Arguably the most competitive part of the helicopter market, the light-single segment is, however, not necessarily blessed with the most modern designs. Nonetheless, new models are in development which will bring innovation to the sector.
The biggest selling light-single rotorcraft still in production the Airbus Helicopters H125 dates back to 1975 and the Aerospatiale era, reflected by its original AS350 designation.
Of course, the helicopter has been through numerous iterations since that point, with the latest tweaks unveiled by the manufacturer in early 2020 aimed specifically at the utility work segment.
Snapshot: light-single developments
- H125 – fresh upgrades aimed at utility segment
- SH09 – service entry in 2022-2023 timeframe after Kopter acquired by Leonardo Helicopters
- VRT500 – Russian Helicopters subsidiary VR-Technologies is developing co-axial rotor-equipped model
- HX50 – UK start-up Hill Helicopters is working on 1.6t design which uses in-house engine
At the heart of the upgrade is a power increase for the H125’s Safran Helicopter Engines Arriel 2D turboshaft. Maximum output rises to 952shp (710kW), up from 847shp currently. This in turn boosts the maximum external load to 1,140kg (2,150lb), a 140kg increase on the current limit; the hover ceiling also rises by 1,500ft to 12,640ft, from 11,150ft now.
However, if BLR Aerospace’s FastFin modification is also fitted, the increases grow to 190kg and 2,300ft, respectively. Airbus Helicopters additionally competes in the segment with the H130, although sales are more usually to corporate or VIP customers than those seeking a utility workhorse.
In addition, there are signs that Airbus Helicopters is preparing the groundwork for a Squirrel successor. As part of its recovery plan for the aerospace sector, the French government in June signaled its intention to fund research and development work into a low-emission light helicopter that would offer a 40% fuel-burn saving over the current standard; a demonstrator is due to arrive in 2029.
In the nearer term though, the H125 is likely to face competition from a new arrival in the market, the Kopter SH09. Previously a standalone company, earlier this year the Swiss manufacturer was acquired by Leonardo Helicopters which has added the 2.65t maximum take-off weight SH09 into its product portfolio.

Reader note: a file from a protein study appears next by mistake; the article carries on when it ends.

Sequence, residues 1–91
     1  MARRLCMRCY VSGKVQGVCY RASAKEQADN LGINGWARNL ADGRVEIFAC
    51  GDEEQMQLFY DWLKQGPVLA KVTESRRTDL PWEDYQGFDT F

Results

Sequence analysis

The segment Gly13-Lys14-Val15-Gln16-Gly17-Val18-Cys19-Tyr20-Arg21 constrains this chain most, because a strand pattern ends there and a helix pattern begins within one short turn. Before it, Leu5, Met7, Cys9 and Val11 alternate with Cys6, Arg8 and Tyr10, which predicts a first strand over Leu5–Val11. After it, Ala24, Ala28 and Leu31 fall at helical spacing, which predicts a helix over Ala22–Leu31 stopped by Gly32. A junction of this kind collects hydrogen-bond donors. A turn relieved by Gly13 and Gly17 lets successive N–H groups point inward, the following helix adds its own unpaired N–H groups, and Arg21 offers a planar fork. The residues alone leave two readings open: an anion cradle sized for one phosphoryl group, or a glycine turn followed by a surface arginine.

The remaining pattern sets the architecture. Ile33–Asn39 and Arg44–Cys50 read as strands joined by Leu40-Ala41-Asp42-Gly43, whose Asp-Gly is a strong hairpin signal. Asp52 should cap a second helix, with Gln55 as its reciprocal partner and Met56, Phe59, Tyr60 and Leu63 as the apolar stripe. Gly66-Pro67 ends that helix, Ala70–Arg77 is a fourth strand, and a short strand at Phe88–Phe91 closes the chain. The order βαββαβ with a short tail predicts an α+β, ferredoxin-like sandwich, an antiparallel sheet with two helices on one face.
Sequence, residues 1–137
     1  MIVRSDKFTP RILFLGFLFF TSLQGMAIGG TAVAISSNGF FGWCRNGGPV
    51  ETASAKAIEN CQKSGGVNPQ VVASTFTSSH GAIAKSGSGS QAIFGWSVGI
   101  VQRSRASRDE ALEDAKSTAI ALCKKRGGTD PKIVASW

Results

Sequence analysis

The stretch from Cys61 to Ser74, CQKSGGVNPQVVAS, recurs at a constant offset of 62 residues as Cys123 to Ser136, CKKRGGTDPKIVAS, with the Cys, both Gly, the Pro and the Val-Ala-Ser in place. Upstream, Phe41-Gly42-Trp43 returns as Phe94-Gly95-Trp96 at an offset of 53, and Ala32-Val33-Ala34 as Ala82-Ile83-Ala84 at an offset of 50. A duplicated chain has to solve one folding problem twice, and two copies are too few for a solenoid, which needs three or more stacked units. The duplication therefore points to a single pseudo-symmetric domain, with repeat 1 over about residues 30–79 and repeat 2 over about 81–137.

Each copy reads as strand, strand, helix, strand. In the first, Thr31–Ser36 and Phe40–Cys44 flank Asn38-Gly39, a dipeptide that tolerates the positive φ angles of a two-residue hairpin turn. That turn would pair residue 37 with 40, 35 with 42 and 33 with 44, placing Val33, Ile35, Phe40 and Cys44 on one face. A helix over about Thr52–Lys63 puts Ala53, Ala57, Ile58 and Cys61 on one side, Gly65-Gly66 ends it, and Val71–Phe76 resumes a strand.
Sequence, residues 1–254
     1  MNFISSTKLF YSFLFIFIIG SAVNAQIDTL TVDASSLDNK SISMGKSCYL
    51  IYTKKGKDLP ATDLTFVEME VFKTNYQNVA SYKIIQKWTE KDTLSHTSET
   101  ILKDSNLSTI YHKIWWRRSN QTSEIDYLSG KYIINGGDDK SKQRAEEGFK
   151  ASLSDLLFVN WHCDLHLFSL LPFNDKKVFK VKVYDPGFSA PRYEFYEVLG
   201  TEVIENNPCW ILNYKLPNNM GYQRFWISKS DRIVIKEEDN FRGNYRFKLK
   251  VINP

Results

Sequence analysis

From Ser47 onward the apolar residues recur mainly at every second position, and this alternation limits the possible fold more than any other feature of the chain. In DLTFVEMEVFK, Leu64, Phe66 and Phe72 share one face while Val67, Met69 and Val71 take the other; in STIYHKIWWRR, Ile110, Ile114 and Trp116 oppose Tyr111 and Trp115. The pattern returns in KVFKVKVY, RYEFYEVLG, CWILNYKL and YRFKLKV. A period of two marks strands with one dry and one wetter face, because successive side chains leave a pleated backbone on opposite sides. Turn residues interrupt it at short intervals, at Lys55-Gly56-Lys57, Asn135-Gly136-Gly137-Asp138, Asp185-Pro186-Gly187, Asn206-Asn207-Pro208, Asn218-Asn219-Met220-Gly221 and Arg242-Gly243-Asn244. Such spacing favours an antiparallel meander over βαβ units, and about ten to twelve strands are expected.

While the gestation period of the Honeywell HTS900-powered rotorcraft has been slowed – service entry now looks to be 2022 or 2023 – the considerable financial and industrial heft of its new owner promises to make the SH09 a stronger competitor. It is also the only new helicopter in this part of the market for decades.
In addition, the acquisition has obviated Leonardo Helicopters from the need to develop its own new rotorcraft in a segment where its sole interest is the AW119Kx. While this helicopter continues to sell – and has benefited from obtaining instrument flight rules certification in the USA - the manufacturer would be the first to admit that it is stronger further up the weight range. Development of the SH09 continues, with test flights resuming in Switzerland in October.
A bias in its range towards heavier machines is also the case with Russian Helicopters. However, the company is looking to change this with the development of the VR Technologies VRT500 light-single.
Featuring a maximum take-off weight of 1.6t and powered by a Pratt & Whitney Canada PW207V engine, the new model is already attracting interest: at 2019’s Dubai air show, Abu Dhabi’s Tawazun Economic Council was revealed to be in negotiations for 200 examples. Tawazun was also to take a 50% stake in the manufacturer, although the deal appears yet to have closed.
According to the most recent schedule, first flight of the VRT500 is due this year with certification to follow in late 2022. Aside from traditional helicopter applications, the manufacturer is hopeful that its co-axial rotor design will enable it to compete in the market for urban air mobility services.
At the lighter end of the segment is the Bell 505 Jet Ranger X. A consistent success for the US manufacturer since its service entry in 2017, the 1.6t 505 is powered by a single Safran Arrius 2R engine and boasts an impressive cruise speed of 125kt and 306nm range. Although deliveries have been pummeled this year by the coronavirus pandemic as owner-fliers rein in discretionary spending, the helicopter competes in multiple utility sectors.
One notable milestone was hit in September when the in-service fleet passed 50,000 flight hours. Bell also competes in the segment with the 407, with the 2.26t helicopter currently produced as the GXi-model variant.
At 1.25t MTOW, the Robinson R66 is the lightest helicopter in the category. It also passed a significant milestone this year when the California-based company handed over aircraft MSN1000. That figure was achieved in the little under 10 years since deliveries of the Rolls-Royce M300-powered helicopter began in late 2010. The in-service fleet has accumulated over 1.2 million flight hours.
Elsewhere in the USA, MD Helicopters has announced certification for an MTOW increase on its MD530F, rising to 1,500kg from 1,400kg previously. Upgrade kits for the Rolls-Royce M250-C30-powered helicopter are available for existing operators.
Lastly, there a potential new entrant to the segment as well. UK-based start-up Hill Helicopters is intending to develop a 1.6t MTOW rotorcraft, with an 800kg useful load. Powered by a single 500shp engine, the in-house GT50, first flight of the five-person helicopter is due in 2022 with deliveries to begin the following year. Production facilities will be sized to support output of up to 500 aircraft per year.
How the different helicopter markets are shaping up
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New models set to bring fresh competition to light-single helicopter segment